Sole legal custody is rare unless one parent is shown to be unable to make reasonable or safe decisions for their child. The court may prefer sole residency because it believes this promotes more stability in a child’s life. However, joint residency may be awarded in some cases, allowing nearly equal parenting time for each parent.


Q: How Do You Get Full Custody of a Child in Kansas?

A: Full custody does not exist in Kansas, but sole custody occurs when a parent has sole legal custody and/or sole residency. Obtaining sole legal custody and sole residency can be difficult. Typically, the court assumes a child should spend time with both parents, so a parent requesting sole custody must prove why the other parent is unfit to have custody. A parent could be unfit due to substance abuse, a dangerous living environment, or being incapable of providing for a child’s basic needs.

Q: What Are the Child Custody Relocation Laws in Kansas?

A: In Kansas, the child custody relocation laws state that a parent must inform the other parent 30 days prior to a move if they intend to either:

  1. Move away with their children for more than 90 days; or
  2. Permanently change the child’s primary residence.

The parent must give the other parent written notice in the mail and include essential information about the move and a potential revised custody arrangement. This is true whether a parent has sole or joint custody.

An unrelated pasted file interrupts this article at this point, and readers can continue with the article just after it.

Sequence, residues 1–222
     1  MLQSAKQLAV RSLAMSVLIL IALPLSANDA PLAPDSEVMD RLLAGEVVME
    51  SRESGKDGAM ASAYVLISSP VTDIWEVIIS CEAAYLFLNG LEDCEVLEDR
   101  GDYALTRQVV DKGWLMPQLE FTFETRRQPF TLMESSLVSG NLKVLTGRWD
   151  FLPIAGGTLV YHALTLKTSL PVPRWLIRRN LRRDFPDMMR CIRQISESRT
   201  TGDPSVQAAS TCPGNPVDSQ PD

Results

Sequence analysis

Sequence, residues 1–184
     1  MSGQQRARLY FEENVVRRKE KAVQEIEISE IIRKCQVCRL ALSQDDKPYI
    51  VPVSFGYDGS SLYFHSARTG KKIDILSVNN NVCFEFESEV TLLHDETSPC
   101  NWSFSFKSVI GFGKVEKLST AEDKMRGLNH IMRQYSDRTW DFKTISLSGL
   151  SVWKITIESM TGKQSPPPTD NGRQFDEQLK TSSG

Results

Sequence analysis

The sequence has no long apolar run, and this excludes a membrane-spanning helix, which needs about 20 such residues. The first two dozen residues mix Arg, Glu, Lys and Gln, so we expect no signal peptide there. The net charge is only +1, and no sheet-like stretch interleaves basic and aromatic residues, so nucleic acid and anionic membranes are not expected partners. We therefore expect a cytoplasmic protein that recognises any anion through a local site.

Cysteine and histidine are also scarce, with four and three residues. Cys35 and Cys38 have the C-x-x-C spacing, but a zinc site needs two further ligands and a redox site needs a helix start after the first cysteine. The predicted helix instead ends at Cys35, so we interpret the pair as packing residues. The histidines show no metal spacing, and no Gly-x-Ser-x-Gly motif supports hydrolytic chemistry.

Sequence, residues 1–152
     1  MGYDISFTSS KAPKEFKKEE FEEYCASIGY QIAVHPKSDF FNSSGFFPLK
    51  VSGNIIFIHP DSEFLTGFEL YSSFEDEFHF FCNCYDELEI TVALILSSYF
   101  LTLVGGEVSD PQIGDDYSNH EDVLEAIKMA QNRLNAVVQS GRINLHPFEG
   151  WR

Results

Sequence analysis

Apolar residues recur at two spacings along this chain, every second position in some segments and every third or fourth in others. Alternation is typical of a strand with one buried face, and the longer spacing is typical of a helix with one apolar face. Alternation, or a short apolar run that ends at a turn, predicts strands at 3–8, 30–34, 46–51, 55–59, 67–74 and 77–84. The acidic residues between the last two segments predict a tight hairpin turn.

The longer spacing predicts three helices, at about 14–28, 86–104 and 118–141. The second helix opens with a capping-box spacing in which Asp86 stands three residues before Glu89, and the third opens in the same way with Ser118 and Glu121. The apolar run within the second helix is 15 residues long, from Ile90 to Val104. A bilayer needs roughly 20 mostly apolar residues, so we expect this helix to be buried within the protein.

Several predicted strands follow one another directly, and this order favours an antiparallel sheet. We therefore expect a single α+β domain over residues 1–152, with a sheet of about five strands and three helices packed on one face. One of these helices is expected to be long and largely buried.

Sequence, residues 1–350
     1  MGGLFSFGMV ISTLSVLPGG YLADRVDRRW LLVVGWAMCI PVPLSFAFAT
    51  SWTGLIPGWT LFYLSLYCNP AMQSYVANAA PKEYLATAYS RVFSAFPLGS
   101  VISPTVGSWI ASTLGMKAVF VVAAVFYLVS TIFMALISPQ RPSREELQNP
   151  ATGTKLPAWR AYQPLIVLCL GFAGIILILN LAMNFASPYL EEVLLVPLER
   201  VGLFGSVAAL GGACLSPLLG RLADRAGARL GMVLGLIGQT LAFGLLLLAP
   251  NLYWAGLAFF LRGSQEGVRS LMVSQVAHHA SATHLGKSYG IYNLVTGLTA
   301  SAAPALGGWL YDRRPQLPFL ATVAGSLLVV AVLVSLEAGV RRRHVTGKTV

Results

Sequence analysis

Q: What Factors Decide Child Custody in Kansas?

A: Child custody in Kansas is determined based on the child’s interests, which may be determined by the following factors:

  • The child’s age, physical needs, and emotional needs
  • Each parent’s ability to cooperate and communicate
  • The relationship of the child with their parents, siblings, and other individuals
  • The wishes of the parents
  • The wishes of the child, if they have sufficient age and maturity
  • The child’s connection with their community
  • If either parent will encourage and respect the relationship between their child and the other parent

Q: What Is a Parenting Plan in Kansas?

A: A parenting plan is created by separating or divorcing parents of a child to determine physical and legal custody. This plan should discuss important topics, such as:

  1. How parents will communicate
  2. The primary residence of the child, including visitation and parenting time schedules
  3. Ways that both parents will be involved in the child’s life, schooling, and extracurricular activities
  4. Decisions about the child’s education, religious upbringing, healthcare, and other important topics
  5. How parents will make important joint decisions in the future

Helping Parents Navigate Child Custody Decisions

Whether you need to make or modify a child custody decision, you need a dedicated and compassionate attorney. An attorney can help mediate discussions between you and your co-parent or represent your requests in negotiations or in court. When you have a skilled custody attorney advocating for your family’s interests, this can lower your stress and help you reach a better conclusion to the case. Contact Stange Law Firm today.